Incidence of flexible work schedules increases
September 30, 1999
From 1991 to 1997, the percent of full-time wage and salary workers with flexible work schedules on their principal job increased from 15.1 percent to 27.6 percent.
Workers who were married with a spouse present were more likely to have flexible work schedules in 1997. Nearly 29 percent of such workers had flexible schedules, compared with 26 percent of workers who had another marital status. In 1991, married workers with a spouse present had a lower incidence of flexible schedules than workers with other marital status.
Workers with children under 6 years of age had an above-average incidence—over 30 percent—of flexible schedules in 1997. Nearly 31 percent of married workers with a spouse present and children under six had flexible schedules, compared with about 27 percent of workers with other marital status and children under 6.
Bureau of Labor Statistics, U.S. Department of Labor, The Economics Daily, Incidence of flexible work schedules increases on the Internet at https://www.bls.gov/opub/ted/1999/sept/wk5/art04.htm (visited February 28, 2020).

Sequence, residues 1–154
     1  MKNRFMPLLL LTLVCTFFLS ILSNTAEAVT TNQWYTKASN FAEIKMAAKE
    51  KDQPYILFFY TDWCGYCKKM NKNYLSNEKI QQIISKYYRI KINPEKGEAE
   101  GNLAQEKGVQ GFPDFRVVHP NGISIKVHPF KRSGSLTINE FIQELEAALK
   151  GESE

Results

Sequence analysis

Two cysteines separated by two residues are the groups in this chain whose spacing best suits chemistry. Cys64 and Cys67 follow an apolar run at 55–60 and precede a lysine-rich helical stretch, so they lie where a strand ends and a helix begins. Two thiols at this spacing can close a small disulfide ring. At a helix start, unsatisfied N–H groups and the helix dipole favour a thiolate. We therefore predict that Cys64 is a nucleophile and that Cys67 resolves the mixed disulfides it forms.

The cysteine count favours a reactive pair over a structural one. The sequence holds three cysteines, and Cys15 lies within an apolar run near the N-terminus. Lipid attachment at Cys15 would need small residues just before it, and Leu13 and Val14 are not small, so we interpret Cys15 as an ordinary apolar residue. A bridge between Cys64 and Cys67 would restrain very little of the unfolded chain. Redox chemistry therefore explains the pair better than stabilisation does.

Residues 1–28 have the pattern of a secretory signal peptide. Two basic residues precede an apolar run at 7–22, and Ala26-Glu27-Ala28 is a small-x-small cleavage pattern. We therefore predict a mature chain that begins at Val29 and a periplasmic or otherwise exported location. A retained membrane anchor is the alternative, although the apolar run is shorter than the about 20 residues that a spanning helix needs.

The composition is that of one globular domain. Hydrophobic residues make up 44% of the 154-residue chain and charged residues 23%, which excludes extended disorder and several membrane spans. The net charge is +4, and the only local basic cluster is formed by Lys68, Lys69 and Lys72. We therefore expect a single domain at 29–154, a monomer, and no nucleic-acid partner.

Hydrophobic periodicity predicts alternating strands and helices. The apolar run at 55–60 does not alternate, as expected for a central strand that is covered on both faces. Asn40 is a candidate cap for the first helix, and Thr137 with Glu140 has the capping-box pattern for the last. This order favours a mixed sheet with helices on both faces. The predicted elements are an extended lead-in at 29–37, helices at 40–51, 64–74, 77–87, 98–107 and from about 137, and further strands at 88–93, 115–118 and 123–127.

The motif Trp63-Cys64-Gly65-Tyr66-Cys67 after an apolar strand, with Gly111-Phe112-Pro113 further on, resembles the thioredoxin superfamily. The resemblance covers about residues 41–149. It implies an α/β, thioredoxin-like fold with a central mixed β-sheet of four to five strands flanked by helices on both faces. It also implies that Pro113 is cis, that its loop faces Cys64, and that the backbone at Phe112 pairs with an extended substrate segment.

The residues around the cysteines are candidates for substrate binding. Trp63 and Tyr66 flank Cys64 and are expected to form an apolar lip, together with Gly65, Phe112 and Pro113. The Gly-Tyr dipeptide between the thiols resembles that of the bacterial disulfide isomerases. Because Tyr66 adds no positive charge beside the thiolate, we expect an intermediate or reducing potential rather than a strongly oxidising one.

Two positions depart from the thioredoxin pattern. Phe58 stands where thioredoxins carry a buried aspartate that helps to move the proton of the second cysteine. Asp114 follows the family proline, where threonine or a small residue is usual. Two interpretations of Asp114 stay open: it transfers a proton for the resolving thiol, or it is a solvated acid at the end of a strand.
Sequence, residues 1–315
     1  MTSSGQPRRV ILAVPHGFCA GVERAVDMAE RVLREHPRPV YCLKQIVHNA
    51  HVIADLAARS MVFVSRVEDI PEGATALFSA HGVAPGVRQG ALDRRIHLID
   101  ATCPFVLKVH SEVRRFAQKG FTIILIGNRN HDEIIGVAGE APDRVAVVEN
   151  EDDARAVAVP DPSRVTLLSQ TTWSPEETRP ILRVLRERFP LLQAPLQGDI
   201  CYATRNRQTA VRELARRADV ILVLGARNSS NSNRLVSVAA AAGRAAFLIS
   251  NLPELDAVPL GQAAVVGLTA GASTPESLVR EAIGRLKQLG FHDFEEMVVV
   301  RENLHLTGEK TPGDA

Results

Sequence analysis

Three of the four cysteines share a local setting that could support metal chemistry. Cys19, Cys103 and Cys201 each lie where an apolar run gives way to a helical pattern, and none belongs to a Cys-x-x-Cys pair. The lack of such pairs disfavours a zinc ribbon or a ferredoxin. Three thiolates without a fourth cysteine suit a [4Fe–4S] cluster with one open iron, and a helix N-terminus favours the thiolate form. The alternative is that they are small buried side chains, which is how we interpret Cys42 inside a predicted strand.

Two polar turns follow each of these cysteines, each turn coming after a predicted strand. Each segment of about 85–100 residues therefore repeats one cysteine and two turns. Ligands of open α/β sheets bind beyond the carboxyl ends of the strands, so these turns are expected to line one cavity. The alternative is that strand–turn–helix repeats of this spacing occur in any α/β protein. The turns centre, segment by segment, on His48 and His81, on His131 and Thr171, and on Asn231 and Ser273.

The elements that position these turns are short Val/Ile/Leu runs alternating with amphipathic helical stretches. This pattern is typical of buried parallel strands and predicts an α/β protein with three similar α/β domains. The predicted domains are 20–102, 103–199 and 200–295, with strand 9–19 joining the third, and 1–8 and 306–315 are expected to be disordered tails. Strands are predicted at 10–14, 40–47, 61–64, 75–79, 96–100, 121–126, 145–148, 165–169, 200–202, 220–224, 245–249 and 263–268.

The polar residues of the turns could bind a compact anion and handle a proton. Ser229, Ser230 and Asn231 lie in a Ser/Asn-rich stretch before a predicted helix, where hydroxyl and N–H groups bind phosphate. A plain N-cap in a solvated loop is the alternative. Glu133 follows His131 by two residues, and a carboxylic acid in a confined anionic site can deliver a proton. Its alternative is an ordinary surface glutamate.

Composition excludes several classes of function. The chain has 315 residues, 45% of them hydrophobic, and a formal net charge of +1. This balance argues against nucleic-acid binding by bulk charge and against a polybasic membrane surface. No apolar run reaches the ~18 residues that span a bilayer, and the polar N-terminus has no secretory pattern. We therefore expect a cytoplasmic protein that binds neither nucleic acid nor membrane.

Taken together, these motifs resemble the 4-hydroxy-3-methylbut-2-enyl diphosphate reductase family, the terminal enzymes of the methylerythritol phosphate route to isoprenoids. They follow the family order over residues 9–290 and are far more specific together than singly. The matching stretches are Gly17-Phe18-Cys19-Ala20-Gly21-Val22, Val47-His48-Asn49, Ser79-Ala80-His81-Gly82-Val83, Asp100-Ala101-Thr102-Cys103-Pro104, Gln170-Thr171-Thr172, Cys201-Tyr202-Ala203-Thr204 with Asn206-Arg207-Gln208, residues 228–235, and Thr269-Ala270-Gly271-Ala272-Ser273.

Recent editions of Spotlight on Statistics
- Labor Market Activity of Blacks in the United States
Examines data on the labor market and related topics for the Black or African American population.
- Workers’ Access to and Use of Leave from Their Jobs in 2017–18
Examines the reasons for which workers can take leave, their use of leave, and the reasons they did not take available leave even when they needed to.
- A look at employment and wages in U.S. establishments with foreign ownership
Examines employment and wages in U.S. establishments that have at least one foreign owner with at least 10 percent ownership.
- 25 years of Worker Injury, Illness, and Fatality Case Data
Examines detailed historical data on work-related injuries, illnesses, and fatal injuries.